On Saturday, May 21, 2016, partners and friends of East Capitol Urban Farm & Food Hub will come together to celebrate the re-opening of East Capitol Urban Farm—a model for temporary use of vacant lots, fresh food access, and community education.
East Capitol Urban Farm is one of several Urban Food Hubs pioneered by the College of Agriculture, Urban Sustainability, and Environmental Sciences (CAUSES) of the University of the District of Columbia (UDC) to improve food security and sustainability in D.C. neighborhoods through food production, food preparation, food distribution, and waste and water management. East Capitol Urban Farm & Food Hub is a result of a major local, federal, public and private alliance between UDC CAUSES, the District of Columbia Housing Authority (DCHA), the Urban Waters Federal Partnership, several District of Columbia government agencies, community organizations, churches, and businesses to transform a vacant, three-acre parcel of land to become the city’s largest-scale urban farm of its type to increase access to local and sustainable produce and fish for Ward 7. Features of the project include community garden space, demonstration area, exercise trails, nature discovery area, public art, rain and pollinator gardens, market place and an aquaponics facility.
Over a year ago, UDC CAUSES partnered with DCHA to lease the vacant lot located at 5901 East Capitol Street NE, Washington, D.C., to transform the parcel into a remarkable community asset. Select agencies of the Urban Waters Federal Partnership—14 federal agencies working collectively to address environmental and economic challenges in cities across the country in underserved communities also partnered in the effort. Specifically, the U.S. Department of the Interior, Fish and Wildlife Service, U.S. Environmental Protection Agency, U.S. Department of Agriculture, and the Agency for Toxic Substances and Disease Registry have contributed to the vision of and provided resources for the farm which will promote urban agriculture, improve food access and nutrition through a community-centered farmers market, offer nutrition education, youth engagement, provide community gardening, and create opportunities for entrepreneurship.
The challenge and opportunity was to develop the site as a model for temporary use of vacant lots while demonstrating on-site storm water management and local food production. To that end, the project’s designer and DC Building Industry Association (DCBIA) member, Bradley Site Design, created a leaf shaped design for the site incorporating transportable elements including raised beds and aquaponics/fish tanks, nature discovery area, and farmers market. UDC has also mapped the District’s underused properties to ensure a continued, viable future of the site.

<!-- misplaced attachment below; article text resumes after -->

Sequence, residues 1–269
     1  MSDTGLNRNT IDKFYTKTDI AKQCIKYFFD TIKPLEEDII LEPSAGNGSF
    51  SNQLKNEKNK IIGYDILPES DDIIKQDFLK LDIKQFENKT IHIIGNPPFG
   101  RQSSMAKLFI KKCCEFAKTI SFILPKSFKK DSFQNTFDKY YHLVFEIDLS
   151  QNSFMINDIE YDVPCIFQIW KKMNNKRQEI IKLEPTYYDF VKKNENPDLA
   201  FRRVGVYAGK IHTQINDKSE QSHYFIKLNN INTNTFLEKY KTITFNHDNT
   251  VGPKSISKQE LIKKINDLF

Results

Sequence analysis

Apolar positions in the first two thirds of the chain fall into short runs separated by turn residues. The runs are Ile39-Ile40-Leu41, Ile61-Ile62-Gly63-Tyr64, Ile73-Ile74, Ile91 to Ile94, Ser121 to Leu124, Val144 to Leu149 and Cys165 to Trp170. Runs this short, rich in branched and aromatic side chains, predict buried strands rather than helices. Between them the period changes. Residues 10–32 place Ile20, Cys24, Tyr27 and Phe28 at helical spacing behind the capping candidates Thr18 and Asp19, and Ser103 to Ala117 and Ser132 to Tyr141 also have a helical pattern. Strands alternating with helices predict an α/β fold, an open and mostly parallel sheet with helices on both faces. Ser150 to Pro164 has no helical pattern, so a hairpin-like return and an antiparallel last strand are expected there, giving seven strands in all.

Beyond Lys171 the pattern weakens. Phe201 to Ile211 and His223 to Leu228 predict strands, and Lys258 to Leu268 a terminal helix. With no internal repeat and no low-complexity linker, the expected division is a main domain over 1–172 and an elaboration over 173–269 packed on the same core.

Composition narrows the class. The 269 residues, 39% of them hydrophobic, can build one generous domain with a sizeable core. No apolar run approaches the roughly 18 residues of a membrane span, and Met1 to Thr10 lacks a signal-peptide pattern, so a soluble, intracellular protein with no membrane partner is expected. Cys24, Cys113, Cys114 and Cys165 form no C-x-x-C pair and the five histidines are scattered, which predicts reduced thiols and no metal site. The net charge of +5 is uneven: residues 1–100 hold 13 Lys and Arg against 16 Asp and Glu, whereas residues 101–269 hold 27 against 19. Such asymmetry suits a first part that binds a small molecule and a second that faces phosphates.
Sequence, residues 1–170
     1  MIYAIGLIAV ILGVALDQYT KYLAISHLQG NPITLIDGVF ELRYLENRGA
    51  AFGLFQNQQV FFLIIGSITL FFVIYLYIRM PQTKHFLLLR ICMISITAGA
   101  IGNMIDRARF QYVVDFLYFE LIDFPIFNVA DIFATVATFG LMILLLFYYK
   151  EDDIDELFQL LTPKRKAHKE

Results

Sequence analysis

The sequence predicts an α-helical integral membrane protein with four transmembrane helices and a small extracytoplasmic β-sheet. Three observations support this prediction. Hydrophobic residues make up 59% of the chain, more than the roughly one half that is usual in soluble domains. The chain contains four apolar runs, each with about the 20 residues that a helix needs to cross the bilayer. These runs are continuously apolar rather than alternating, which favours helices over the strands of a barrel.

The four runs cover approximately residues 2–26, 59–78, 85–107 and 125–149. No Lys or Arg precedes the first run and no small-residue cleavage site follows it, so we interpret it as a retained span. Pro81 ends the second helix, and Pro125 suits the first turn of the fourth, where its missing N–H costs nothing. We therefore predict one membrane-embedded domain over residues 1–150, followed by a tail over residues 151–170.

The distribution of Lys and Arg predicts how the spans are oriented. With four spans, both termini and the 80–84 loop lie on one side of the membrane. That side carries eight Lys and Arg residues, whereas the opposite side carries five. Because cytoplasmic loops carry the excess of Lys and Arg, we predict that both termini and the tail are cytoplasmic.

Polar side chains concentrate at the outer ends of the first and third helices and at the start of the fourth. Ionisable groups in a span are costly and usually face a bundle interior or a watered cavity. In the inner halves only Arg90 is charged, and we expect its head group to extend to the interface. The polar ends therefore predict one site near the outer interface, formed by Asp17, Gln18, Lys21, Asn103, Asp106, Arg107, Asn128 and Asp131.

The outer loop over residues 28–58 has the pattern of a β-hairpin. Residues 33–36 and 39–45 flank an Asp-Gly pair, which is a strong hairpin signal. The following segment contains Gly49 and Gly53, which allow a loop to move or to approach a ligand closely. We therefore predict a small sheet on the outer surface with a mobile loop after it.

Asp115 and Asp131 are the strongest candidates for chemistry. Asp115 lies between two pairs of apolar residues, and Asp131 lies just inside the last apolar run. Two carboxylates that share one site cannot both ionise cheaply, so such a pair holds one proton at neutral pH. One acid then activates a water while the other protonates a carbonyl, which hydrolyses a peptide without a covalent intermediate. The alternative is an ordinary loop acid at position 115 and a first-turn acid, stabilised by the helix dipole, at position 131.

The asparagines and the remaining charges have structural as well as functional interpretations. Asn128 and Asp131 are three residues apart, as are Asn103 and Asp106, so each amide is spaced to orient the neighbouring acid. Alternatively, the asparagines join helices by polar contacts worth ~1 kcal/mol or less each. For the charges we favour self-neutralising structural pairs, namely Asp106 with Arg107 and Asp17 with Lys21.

DCBIA members who helped plan & construct the site in the fall of 2015 include: Forest City Washington, Hines, HITT Contracting, and Property Group Partners provided funding for the construction of the project. Additional funding provided by Balfour Beatty Construction, Clark Construction, Fidelity National Title Insurance Company, Fort Lincoln New Town Corp., Grunley Construction, JLL, Quadrangle Development, and WC Smith. Through community engagement and partnership, which began early in 2015, DCBIA, UDC and design and general contracting teams held design charrettes to envision the site. Companies who have volunteered their time to this effort include individuals from Cunningham Quill Architects, David M. Schwarz Architects, HOK, RTKL Associates, SmithGroupJJR, Balfour Beatty Construction, Clark Construction, Corenic Construction, DAVIS Construction, Gilbane, HITT Contracting, Langan Engineering, LendLease, Monarc Construction, Turner Construction, among others.
Re-opening day begins at 9:00 a.m. at 5901 East Capitol Street NE, on Saturday, May 21, 2016. A ribbon-cutting will take place at 11:45 a.m. with District and federal officials and representatives of the following partners: American Forests, DC Commission on the Arts and Humanities, DC Housing Authority, District Department of Energy & Environment, Groundwork Anacostia DC, Metropolitan Memorial United Methodist Church, University of the District of Columbia, and Urban Waters Federal Partnership.